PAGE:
When the Internet began, it was text based, Silbermann noted. People entered text into the Internet search box. This, however, began to change nine or 10 years ago with the emergence of the smartphone.
"For the first time, billions of people on the planet have a high resolution camera in their pocket," he said. "They can see instead of typing."
"It changes the way that you express yourself professionally," he said regarding the smartphone. "We've gone from blogs to video stories. It changes the way that you talk to your family and friends. And it's changing the way you discover everything online."
The power of visual discovery
Instead of having to come up with the vocabulary to describe something, a smartphone allows users to simply select from a set of pictures.
"When you give people the tools to express their tastes, without requiring that they have the vocabulary to describe it professionally, all of a sudden I discover that I do have great taste," Silbermann said.
"What's exciting (about visual discovery online) is how we can do it at enormous scale."
Pinterest offers a feature called "taste graph," which organizes things a person is looking for. This is important because when there are hundreds of millions of options a user needs help selecting the few things that are right for you. The taste graph helps not only individuals, but businesses, he explained.
The company is expanding its ads to let retailers upload their entire catalog and integrate their products into taste graphs, creating a way to help consumers find what they want. Products are presented in a way that lets people journey from inspiration to purchase.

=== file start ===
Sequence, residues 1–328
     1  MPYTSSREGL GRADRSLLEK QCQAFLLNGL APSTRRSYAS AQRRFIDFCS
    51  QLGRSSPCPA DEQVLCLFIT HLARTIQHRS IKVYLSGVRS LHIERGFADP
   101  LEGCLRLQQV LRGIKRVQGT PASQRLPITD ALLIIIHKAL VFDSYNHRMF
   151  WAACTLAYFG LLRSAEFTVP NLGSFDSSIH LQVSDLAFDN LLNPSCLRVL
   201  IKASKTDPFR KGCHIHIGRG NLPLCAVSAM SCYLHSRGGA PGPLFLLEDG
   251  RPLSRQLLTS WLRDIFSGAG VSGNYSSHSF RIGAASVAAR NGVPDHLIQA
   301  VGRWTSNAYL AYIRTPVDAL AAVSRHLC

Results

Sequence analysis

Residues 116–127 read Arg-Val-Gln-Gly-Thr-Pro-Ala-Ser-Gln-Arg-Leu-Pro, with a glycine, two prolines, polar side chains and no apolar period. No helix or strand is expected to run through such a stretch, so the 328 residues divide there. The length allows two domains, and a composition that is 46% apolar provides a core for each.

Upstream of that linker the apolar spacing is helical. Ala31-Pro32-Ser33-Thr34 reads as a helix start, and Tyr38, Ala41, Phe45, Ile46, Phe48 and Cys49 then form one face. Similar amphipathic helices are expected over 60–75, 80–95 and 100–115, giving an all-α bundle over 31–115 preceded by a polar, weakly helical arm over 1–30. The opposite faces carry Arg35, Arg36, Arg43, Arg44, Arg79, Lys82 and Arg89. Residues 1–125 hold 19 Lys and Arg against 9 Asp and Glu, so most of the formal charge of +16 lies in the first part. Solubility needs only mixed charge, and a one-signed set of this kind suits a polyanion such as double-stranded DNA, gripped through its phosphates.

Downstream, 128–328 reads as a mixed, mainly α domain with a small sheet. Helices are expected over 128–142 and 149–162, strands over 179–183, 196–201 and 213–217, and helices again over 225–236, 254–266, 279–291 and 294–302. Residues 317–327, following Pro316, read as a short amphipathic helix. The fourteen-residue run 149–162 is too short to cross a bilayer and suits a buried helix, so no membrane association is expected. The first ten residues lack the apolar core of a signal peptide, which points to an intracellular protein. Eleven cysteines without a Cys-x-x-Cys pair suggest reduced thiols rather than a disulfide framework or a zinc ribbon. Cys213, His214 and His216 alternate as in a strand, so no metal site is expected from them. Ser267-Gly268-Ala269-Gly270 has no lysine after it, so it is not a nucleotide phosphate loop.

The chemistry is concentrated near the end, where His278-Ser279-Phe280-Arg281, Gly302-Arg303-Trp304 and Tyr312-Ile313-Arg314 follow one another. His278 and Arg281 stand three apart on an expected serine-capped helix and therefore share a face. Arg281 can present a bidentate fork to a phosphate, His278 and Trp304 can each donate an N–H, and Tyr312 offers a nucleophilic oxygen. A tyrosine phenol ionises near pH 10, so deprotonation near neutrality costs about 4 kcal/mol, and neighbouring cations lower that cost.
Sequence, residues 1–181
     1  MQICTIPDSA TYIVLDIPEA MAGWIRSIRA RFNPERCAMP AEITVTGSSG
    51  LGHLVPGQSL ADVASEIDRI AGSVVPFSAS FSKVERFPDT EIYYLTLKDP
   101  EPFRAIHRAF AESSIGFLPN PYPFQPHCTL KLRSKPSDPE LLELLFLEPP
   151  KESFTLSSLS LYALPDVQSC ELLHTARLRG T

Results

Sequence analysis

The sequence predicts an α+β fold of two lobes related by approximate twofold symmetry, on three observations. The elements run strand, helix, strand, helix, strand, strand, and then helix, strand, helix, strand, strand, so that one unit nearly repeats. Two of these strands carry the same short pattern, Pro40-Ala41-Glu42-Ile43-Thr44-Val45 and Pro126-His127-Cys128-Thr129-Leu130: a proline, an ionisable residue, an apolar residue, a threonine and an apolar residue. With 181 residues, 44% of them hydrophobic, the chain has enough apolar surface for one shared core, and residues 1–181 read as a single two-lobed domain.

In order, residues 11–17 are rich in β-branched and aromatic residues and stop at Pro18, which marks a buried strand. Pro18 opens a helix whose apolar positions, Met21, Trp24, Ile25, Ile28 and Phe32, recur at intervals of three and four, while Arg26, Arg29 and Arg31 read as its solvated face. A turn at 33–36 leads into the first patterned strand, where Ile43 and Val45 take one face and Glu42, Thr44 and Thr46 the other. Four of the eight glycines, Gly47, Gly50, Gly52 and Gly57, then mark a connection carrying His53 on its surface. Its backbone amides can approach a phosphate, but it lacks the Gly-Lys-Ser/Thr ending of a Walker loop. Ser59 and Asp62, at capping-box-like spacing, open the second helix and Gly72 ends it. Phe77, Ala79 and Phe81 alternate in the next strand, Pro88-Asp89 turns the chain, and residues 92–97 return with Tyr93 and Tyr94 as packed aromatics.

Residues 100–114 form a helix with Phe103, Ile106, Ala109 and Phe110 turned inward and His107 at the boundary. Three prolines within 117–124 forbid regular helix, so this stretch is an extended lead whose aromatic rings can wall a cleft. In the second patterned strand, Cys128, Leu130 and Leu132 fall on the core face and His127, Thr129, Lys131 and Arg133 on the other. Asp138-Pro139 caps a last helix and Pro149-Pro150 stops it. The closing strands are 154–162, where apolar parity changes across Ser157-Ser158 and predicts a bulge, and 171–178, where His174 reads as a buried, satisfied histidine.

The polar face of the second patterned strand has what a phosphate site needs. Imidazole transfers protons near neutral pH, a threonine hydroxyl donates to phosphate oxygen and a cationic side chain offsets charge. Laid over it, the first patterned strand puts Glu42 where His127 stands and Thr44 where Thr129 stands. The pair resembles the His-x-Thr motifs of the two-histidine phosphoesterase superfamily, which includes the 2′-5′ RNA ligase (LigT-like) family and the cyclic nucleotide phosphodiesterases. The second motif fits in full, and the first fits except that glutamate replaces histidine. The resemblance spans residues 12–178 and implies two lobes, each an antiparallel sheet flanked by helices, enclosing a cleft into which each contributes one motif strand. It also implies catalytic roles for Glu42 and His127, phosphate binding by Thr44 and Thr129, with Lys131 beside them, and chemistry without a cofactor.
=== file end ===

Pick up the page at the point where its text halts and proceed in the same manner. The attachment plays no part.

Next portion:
"People don't want to see products on a white background," he said. "They want the emotional engagement of seeing an outfit, of matching how will I look in that outfit? From there, we can work backwards to find the products they truly love."
New tools emerge
Pinterest recently introduced a tool called "Lens" that lets consumers use the camera in their Pinterest app to discover ideas inspired by objects they see out in the real world.
Lens allows users to take a photo and use it to search for other things on Pinterest. For example, a user can take a picture of a jacket in their closet and see how to style it for a particular season. This enables the possibility of having a retail experience any place a consumer happens to be with their smartphone.
"Someday people are going to see their cameras not just as a device to record and share their memories," Silbermann said. "They're going to see it as a way to query the visual world around them."
While visual discovery will revolutionize retailing, Silbermann believes this change is in its early stage. People will increasingly want to discover things through pictures instead of words.
"If you build tools to let people express this, you'll unlock a tremendous amount of value," he said.
The future of personalizaton is not just looking at a backlog of what others bought in the past, he said, but understanding a user's taste at a granular level.
"Whatever you see will be a jumping off point to what you can do," he said.
Elliot Maras is the editor of KioskMarketplace.com and FoodTruckOperator.com.